1. It says a specific value is not valid

    • Greetings Konner. Sorry about that, unfortunately I had done my testing too quickly using just a text file, it was the CSS on the blog was messing up the quote characters. I’ve modified the HTML so it should be fully copy/pasteable now.

  2. Nice tip. I guess the outgoing firewall added since Vista is now useful for blocking MS’s own apps. :) As an easier/GUI alternative, can you try if Windows Firewall Control from Sphinx Software works to block the same EXE? It’s coolest feature is it blocks all outgoing apps by default but detects when an app is trying to connect and shows notifications for outbound connection like like the built-in Windows Firewall does for inbound ones.

    Will be a real problem if the Classic messenger client can’t connect after blocking this.

    • Greetings there xpclient, nice to see you here :)

      I’ll give it a go later on in the week to see what happens with that, it’s a really good idea as I think something is still managing to sign in from time to time and hopefully it will prompt to catch it without having to waft through a packet sniffer.

      Classic Messenger shouldn’t be affected at all as it uses wlcomm.exe for connectivity (as opposed to livecomm.exe) and appears to connect a lot differently.. and I was using it all afternoon/evening ;)

    • Gave Windows Firewall Control a shot and yeah, you could use that but the free version seems a bit too limited (and a bit overly annoying, but I suppose that would pass as you set up rules for everything :)). Unless you don’t care about Mail (and anything else that possibly uses LiveComm.exe) or you want to be bugged constantly about every connection, you’ll want something that lets you be specific about what IPs per process can connect. However, it seems the Plus version of that particular software does that and other software will too of course.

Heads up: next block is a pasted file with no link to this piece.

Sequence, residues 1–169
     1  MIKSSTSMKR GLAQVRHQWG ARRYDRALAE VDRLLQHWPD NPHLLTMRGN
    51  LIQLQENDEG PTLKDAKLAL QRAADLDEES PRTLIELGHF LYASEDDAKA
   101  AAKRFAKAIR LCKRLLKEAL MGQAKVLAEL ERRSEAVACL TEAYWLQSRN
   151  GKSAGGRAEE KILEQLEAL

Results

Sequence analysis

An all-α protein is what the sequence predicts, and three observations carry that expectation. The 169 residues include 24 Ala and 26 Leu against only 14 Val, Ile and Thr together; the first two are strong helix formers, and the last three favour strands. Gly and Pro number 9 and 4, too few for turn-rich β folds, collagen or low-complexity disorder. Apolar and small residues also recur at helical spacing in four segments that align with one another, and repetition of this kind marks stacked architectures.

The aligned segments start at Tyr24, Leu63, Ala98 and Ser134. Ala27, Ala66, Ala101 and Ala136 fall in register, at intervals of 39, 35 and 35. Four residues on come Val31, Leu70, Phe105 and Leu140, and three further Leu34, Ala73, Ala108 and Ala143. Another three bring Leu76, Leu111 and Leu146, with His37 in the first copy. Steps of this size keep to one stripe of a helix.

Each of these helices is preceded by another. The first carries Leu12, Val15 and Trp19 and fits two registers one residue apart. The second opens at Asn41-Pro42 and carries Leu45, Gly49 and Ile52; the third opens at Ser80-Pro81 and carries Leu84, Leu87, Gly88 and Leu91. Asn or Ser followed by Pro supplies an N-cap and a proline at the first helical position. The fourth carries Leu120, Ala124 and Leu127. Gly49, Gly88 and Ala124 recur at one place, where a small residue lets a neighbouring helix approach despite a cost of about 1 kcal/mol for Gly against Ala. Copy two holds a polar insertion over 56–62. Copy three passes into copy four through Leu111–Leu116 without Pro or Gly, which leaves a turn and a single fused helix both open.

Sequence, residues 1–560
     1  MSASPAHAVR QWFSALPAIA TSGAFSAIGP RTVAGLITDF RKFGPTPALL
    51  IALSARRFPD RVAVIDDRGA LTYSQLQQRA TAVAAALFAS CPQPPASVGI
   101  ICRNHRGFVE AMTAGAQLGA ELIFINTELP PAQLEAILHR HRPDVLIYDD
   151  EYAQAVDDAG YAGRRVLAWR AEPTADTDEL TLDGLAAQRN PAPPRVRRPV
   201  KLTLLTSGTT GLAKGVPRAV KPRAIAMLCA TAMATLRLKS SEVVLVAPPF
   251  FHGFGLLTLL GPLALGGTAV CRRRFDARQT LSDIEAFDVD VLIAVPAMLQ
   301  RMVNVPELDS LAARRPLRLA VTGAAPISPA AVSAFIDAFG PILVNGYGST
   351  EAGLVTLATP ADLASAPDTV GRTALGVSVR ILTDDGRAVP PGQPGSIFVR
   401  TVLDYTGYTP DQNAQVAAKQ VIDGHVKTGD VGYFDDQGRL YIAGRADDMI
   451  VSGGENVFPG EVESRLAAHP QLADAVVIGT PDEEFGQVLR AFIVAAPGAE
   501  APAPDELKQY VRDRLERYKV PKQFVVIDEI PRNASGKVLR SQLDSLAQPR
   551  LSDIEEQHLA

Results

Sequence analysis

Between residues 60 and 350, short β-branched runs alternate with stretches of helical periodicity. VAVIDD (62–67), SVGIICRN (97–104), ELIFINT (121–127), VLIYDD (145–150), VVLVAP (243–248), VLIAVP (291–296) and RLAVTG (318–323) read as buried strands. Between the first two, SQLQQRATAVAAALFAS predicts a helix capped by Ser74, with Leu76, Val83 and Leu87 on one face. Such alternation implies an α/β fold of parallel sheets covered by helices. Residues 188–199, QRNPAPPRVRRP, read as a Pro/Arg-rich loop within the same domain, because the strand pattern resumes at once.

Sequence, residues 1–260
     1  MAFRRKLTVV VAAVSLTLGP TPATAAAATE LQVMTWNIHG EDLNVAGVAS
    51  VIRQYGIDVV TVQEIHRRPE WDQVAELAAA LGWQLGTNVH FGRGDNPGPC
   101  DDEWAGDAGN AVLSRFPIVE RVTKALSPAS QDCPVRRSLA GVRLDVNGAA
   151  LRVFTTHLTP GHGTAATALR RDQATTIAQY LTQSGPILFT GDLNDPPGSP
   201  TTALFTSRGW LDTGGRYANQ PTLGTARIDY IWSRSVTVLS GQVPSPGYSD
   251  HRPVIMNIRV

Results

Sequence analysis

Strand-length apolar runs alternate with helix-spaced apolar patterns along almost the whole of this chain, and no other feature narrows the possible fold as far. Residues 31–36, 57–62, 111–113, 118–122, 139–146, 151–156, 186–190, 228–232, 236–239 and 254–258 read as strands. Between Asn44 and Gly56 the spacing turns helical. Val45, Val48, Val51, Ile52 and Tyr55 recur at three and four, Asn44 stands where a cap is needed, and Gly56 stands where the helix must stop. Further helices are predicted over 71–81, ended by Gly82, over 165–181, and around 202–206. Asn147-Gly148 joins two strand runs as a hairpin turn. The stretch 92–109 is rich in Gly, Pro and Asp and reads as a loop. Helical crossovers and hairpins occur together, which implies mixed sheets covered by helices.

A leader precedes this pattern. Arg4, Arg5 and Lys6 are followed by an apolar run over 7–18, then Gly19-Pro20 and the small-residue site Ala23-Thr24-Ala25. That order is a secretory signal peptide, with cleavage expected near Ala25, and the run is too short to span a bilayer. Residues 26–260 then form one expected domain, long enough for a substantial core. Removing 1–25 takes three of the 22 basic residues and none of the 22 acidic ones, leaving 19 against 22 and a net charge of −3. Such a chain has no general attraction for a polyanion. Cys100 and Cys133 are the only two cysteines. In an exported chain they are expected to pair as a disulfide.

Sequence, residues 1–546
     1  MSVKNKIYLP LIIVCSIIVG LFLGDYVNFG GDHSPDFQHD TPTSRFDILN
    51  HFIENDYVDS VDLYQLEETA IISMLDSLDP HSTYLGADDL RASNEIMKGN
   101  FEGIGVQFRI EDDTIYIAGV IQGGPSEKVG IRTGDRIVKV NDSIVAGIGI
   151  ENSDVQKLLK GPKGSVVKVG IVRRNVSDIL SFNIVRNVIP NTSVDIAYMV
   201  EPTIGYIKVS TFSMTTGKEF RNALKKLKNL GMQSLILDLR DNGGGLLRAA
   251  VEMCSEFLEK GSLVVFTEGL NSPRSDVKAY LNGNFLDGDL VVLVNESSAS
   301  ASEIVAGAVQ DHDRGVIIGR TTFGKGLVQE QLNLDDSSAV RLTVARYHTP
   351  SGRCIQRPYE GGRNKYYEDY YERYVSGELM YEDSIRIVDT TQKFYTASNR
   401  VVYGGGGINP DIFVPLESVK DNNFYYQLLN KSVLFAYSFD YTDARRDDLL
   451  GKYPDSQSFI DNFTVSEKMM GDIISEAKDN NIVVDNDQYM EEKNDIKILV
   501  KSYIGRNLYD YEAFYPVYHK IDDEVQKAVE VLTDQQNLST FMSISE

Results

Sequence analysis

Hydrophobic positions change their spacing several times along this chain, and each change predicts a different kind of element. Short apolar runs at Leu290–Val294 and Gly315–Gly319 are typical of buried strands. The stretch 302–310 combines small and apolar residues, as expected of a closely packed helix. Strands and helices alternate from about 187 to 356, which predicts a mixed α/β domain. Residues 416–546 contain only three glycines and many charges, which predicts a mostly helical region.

3. ave Windows Firewall Control a shot and yeah, you could use that but the free version seems a bit too limited (and a bit overly annoying, but I suppose that would pass as you set up rules for everything :) ). Unless you don’t care about Mail (and anything else that possibly uses LiveComm.exe) or you want to be bugged constantly about every connection, you’ll want something that lets you be specific about what IPs per process can connect. However, it seems the Plus version of that particular software does that and other software will too of course

  4. So I stumbled on your blog and it may be awhile buy I thought I might enlighten you. Livecomm is the engine behind the communications package you referenced in the command line above. It would be simpler to just right click on the mail app in the Start Screen and un install it. Problem solved. Although it does just feel better to hack at the command line :)

    • Hello. I know what livecomm is. Anyway the point here was to continue using Mail but just disable Messaging. As such, uninstalling Mail or even deliberately blocking livecomm itself would not work to obtain that goal as you would break or remove Mail too.

      Regardless it’s all redundant now as Release Preview and RTM applications thankfully have an off switch in the settings for Messaging. Of course I myself am using Windows 7 full-time again.

  5. You can also remove the account now via settings, acounts.

  6. Thanks for the tip, worked great! gave me the string i needed to create my own app to create quick firewall rules! cheers

  1. Pingback: Windows Firewall mittels netsh konfigurieren « Das nie endende Chaos!